Sometimes people would hear his last name and ask him if he was related to Martin Buber, the famed author of I and Thou. "No," Sheldon would say, "the difference between Biber and Buber is the difference between I and U.
He was not a perfect soul and he was never able to fully come to terms with his role in his own misfortunes. He had great intentions and a million great ideas but he had a hard time getting to any of them. "Chronic inertia" he called it. He would fill every room of his house with objects he would find on the street; often these were broken things that other people had thrown out and he would pick them up and take them home, hoping to repair them one day. Aware that these things had taken over his life, he nonetheless could not stop collecting them and bringing them home and it got to the point that you could not even walk through his house without piles of things falling on top of you from every direction. Eventually you could not even walk through his house at all.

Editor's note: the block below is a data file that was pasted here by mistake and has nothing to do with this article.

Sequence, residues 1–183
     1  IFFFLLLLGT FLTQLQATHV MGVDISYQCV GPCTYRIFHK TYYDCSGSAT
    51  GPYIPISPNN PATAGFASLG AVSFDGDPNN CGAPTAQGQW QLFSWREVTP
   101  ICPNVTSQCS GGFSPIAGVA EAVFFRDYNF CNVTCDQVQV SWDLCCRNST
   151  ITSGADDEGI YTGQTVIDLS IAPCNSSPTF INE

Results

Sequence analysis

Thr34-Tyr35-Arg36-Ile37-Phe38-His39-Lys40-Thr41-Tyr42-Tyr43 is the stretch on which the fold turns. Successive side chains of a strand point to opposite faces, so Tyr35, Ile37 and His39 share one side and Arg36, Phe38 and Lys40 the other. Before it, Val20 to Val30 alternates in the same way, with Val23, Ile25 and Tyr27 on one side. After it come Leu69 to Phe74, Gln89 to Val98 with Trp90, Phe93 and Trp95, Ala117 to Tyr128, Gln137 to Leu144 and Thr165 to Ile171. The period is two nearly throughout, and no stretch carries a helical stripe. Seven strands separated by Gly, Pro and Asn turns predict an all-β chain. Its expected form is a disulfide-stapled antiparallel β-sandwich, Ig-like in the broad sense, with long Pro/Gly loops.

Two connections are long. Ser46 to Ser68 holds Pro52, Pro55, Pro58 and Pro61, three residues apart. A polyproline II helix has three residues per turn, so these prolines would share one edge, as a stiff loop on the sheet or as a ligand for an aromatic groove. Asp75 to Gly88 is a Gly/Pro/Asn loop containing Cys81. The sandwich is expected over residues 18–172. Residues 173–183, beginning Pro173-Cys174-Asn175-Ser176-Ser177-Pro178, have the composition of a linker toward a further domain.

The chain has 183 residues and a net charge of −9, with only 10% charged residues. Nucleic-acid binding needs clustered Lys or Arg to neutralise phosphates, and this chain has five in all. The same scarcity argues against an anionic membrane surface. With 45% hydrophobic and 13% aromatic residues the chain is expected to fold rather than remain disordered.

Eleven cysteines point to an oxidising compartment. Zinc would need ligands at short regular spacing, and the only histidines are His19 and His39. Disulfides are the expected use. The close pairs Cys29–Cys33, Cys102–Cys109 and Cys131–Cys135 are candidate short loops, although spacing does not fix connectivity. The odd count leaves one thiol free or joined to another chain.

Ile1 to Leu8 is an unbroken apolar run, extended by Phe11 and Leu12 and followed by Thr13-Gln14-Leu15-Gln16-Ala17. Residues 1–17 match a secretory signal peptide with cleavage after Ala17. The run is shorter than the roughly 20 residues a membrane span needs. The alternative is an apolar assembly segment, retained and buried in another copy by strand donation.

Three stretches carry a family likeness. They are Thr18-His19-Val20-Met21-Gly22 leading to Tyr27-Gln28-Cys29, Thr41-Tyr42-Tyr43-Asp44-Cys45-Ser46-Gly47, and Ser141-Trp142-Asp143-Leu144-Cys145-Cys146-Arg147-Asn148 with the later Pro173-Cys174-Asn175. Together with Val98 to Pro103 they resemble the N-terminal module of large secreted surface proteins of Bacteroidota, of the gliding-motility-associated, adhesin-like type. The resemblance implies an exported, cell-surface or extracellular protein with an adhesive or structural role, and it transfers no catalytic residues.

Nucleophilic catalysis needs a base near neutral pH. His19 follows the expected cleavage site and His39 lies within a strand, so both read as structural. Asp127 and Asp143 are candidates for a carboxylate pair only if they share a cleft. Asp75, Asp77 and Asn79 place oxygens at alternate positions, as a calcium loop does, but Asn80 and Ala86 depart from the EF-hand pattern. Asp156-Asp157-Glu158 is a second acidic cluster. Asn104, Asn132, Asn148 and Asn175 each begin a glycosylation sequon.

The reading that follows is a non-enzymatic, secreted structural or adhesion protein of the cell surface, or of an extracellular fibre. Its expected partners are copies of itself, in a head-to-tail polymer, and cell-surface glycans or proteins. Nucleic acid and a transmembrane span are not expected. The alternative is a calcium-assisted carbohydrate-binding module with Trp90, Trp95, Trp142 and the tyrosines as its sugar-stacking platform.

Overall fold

I remember coming to help him clean his house but he didn't want to part with much. He had rooms full of broken computers, monitors and keyboards that he had bought at yard sales for parts or picked up on the street when neighbors threw them out--but none of them worked. One day, he was going to fix them. He had boxes of bicycle parts he was saving for bicycles that he did not own--because he knew that one day someone would throw out a broken bike and he would have the parts to repair it. After a day of cajoling, we took a few truckloads to the dump and took some smaller things to the curb for trash pick up. The next morning I saw that some of those items were back in his house.